On the Thompson River in the southern part of British Columbia, Canada, a rare ice disk with a diameter of about 40 m has formed. This short-lived natural phenomenon will last on the water until the next warming.
The disc was first seen near Kamloops town on Sunday, January 19, and immediately attracted attention. Scientists at the University of Laval in Quebec attributed this unusual phenomenon to the effect of moving warm water under the ice on the surface of the river.
The ice circle cannot be called unique: similar formations of the correct shape were previously observed on the Canadian Gaspe Peninsula and in Maine, USA.
Experts attribute this interesting phenomenon to the properties of water. Warm water is less dense than cold water. When the temperature of the water rises, its molecules begin to move upward. If there is a not very dense block of ice on the surface, particles of warm water begin to move around it with the current, creating a vortex that looks like water in a drain hole.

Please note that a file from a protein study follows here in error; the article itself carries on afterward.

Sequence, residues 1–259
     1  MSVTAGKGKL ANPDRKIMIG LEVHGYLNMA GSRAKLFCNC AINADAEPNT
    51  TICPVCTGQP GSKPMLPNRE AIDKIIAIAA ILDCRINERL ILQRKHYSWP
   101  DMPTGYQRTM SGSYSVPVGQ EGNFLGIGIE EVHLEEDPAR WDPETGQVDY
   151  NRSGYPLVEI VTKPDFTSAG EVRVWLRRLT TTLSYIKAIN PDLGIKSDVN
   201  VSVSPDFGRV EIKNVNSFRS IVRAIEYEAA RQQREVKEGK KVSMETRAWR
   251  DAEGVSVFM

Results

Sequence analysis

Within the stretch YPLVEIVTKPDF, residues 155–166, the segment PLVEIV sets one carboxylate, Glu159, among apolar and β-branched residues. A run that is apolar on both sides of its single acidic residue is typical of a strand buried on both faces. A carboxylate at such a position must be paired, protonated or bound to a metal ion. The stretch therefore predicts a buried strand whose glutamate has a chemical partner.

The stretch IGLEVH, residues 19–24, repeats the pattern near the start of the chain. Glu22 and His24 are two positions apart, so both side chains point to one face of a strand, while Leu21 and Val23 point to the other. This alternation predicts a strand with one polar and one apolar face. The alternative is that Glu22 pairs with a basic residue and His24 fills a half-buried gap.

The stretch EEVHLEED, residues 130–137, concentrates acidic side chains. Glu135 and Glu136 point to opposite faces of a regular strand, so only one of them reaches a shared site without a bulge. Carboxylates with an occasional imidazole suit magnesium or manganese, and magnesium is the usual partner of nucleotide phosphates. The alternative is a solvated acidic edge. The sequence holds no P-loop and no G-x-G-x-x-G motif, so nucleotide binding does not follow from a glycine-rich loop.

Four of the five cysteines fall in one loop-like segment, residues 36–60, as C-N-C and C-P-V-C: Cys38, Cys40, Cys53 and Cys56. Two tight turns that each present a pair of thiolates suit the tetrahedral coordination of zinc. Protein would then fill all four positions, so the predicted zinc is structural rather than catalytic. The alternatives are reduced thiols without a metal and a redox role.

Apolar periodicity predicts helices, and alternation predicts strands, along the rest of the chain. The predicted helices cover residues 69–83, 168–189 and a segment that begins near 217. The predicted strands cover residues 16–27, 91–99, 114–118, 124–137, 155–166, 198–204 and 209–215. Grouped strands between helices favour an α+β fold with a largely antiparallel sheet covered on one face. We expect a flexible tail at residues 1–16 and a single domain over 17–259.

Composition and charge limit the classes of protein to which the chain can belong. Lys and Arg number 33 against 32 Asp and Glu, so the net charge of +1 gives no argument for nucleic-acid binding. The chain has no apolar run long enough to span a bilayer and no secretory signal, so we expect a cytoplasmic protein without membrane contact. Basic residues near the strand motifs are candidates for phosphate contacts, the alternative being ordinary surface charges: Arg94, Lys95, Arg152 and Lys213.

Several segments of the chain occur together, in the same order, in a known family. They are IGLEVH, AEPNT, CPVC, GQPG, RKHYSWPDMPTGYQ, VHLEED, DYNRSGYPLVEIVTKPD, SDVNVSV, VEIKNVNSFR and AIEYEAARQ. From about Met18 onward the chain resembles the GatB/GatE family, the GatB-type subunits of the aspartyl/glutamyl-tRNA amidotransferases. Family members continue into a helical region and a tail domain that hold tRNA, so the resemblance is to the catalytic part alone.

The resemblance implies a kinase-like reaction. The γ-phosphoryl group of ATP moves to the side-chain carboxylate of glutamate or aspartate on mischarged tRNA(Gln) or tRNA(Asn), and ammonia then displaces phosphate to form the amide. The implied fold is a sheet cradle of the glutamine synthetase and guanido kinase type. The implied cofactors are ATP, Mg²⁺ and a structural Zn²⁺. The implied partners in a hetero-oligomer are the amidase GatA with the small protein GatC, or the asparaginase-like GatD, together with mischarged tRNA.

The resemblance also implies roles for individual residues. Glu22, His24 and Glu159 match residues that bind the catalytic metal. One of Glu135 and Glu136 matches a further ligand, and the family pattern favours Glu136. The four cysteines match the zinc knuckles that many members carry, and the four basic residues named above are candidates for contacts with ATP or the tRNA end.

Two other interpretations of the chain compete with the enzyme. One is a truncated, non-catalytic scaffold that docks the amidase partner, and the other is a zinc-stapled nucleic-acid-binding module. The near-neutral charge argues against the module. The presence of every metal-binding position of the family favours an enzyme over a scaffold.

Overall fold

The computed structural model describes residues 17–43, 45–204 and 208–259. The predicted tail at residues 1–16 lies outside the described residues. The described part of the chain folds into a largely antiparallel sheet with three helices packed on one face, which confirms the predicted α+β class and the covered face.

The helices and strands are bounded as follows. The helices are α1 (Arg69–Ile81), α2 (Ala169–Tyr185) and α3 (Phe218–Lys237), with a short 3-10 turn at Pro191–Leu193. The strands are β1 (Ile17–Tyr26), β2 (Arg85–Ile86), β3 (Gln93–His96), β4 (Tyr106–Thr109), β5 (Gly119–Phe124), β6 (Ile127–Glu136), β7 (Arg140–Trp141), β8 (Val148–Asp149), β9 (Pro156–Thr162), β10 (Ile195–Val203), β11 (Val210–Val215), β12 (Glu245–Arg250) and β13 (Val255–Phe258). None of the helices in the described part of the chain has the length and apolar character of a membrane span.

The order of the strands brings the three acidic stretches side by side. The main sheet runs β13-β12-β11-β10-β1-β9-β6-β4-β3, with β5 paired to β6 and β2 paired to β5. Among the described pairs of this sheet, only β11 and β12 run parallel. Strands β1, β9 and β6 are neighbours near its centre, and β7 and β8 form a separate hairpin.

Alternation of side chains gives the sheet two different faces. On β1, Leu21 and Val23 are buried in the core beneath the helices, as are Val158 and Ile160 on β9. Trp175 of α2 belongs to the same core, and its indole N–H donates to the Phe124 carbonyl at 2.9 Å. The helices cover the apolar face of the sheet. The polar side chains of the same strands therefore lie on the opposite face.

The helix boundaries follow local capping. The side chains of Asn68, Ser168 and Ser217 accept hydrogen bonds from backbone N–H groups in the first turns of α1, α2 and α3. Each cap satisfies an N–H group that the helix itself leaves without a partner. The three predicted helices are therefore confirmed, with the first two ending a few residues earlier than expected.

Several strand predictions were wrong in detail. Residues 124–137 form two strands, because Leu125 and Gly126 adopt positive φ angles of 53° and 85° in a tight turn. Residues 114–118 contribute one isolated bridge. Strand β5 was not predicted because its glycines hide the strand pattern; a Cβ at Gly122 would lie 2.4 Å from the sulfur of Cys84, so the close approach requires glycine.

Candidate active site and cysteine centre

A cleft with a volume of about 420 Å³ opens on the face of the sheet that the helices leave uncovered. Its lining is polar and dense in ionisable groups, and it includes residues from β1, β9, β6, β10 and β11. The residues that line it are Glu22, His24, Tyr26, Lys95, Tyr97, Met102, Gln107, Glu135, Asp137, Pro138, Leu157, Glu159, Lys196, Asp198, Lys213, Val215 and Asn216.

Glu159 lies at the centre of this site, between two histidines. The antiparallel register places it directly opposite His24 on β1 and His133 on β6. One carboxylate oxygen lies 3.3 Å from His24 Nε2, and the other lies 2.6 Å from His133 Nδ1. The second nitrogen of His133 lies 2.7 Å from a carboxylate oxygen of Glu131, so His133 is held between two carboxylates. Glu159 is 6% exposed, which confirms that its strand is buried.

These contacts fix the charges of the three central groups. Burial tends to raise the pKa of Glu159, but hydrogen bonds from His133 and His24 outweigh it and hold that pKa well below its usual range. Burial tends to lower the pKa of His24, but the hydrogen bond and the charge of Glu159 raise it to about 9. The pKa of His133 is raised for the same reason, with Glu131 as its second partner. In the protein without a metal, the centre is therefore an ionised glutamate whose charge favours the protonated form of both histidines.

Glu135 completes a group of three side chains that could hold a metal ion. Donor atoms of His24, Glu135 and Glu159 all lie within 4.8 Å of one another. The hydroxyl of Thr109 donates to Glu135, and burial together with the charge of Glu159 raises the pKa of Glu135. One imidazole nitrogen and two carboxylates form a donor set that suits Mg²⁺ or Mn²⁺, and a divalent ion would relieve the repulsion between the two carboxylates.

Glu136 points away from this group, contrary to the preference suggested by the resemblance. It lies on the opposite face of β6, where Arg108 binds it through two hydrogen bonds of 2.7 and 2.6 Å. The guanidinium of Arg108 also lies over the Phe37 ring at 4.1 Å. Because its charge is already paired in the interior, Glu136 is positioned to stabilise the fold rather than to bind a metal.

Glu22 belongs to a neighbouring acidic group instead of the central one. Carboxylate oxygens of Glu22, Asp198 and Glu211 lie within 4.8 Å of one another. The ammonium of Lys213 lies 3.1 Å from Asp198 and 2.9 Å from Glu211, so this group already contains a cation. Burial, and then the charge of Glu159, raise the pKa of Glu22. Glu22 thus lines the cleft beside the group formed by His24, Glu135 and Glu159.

The water vortex pushes the ice cover in a circle, the ice is sharpened precisely along the edge of the vortex. This is because the flow is stronger at the edges and the water is warmer. The result is a fairly dense ice disk that spins in a circle.
Ice circles are relatively rare because the conditions must be ideal: open water, smooth flow of variable temperature and the presence of thin ice.